Tesco has been foiled for apparently raising prices on certain items just before reducing them for a price promotion. So are ‘price checks’ helpful in keeping shopping costs down or do you say BOGOF to it all?
I’m all for cost-cutting incentives that can help me shave some pennies off my weekly food shop. I successfully managed to bag a voucher worth the grand total of £1.08 when trying out Asda’s 10% cheaper price guarantee for Which? Convo.
But are the headline-hogging antics of the likes of Asda and Tesco – which hit back with its own price check scheme this month – softening the blow of the rather less PR-friendly rumour that our supermarkets are unreasonably raising prices?
Food prices up and up…
It’s no secret that the cost of food has been going up. But it’s the rate at which food prices in Britain are rising that’s surprising, prompting suggestions that the supermarkets’ are raising prices excessively.
Official figures from the Organisation for Economic Cooperation and Development (OECD) indicate that food prices in Britain are rising around three times as fast as the rest of Europe.
A separate report by bank UBS examined food pricing trends across a handful of developed nations. The UK, it says, stands out with ‘significantly more consumer food price inflation than elsewhere’ – more than might be reasonably justified by the global pattern of rising food costs, or a weaker pound.
Who took the ‘special’ out of special offers?
So are the supermarkets fuelling food costs with over-the-odds price increases? They would probably argue that in-store discounts, BOGOF offers and price guarantee incentives – which aren’t counted in inflation calculations – are helping their customers get more for their money than the stats suggest.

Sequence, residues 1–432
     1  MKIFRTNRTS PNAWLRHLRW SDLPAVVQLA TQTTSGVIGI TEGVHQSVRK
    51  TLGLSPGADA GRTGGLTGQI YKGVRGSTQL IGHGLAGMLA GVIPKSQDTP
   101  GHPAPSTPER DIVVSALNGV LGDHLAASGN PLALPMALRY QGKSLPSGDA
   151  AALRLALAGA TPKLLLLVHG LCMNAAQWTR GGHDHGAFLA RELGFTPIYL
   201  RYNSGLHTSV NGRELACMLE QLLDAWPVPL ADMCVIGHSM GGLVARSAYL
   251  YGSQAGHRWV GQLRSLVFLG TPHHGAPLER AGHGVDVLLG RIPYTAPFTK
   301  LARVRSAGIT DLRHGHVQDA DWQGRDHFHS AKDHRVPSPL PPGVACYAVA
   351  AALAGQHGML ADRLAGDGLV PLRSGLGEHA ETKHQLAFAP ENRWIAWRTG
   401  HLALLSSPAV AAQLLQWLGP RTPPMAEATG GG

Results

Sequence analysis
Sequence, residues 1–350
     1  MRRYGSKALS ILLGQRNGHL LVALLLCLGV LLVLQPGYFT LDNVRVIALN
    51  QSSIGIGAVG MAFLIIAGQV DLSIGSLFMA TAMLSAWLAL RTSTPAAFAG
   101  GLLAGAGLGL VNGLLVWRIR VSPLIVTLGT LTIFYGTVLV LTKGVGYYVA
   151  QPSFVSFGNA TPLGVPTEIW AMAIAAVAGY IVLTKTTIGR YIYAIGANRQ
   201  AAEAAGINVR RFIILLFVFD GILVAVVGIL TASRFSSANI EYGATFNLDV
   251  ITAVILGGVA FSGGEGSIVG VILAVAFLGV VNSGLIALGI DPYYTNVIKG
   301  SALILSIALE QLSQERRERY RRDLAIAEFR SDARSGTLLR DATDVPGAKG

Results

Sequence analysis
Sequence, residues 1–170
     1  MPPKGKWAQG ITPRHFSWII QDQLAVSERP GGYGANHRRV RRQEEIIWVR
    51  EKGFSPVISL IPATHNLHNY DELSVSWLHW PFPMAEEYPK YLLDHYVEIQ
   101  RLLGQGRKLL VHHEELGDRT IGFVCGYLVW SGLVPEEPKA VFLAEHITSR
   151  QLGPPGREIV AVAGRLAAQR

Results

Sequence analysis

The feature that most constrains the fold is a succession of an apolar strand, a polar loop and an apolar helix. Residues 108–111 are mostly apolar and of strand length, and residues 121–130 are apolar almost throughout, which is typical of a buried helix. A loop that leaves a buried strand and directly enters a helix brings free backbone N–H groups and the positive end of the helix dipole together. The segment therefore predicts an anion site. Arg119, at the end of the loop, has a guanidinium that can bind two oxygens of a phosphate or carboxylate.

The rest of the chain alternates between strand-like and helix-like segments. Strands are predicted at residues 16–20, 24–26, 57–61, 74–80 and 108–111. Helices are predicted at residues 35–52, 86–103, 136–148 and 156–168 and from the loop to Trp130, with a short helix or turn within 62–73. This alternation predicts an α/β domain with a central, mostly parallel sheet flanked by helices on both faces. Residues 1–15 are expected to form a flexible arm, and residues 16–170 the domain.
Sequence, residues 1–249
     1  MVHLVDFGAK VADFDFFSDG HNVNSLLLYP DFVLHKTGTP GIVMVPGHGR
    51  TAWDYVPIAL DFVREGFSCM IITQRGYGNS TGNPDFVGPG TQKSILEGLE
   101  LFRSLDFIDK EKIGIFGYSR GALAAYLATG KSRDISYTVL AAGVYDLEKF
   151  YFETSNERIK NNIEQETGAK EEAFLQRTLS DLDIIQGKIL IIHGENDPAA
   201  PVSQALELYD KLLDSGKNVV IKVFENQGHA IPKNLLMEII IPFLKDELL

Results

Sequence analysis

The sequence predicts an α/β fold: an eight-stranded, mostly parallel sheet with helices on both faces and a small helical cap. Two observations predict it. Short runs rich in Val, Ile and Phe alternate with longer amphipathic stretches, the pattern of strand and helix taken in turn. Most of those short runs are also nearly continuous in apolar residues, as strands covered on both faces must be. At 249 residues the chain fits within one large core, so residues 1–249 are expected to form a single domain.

But food trade publication The Grocer recently found Tesco apparently tinkering with ‘before and after’ prices on a number of products. ‘Tesco said it had reduced the price of its Finest traditional pork sausages 454g from £2.79 to £2.58,’ reported The Grocer. ‘The retailer had been charging £2.59 for this line as recently as 10 January. ‘
And Asda was rapped by advertising watchdog the ASA in February for ‘misleading’ price claims it made while promoting its original price guarantee initiative.
Neither of which fill you confidence that we’re truly being given a good deal.
Is it possible to work the system?
It seems that if you’re prepared to invest a bit of effort in bothering to use these schemes – and then working them to your advantage – there are savings to be made.
Which? Conversation commenter Buyer received a £6.68 voucher after buying just five items using Tesco’s price check, getting double the difference back because the goods were cheaper at Asda. That sounds like shopping research time well spent to me.
Do you feel like you’re getting a good deal, or being ripped off, by your supermarket? Do price guarantee schemes compensate for rising food prices, or are they just clever trickery by supermarkets?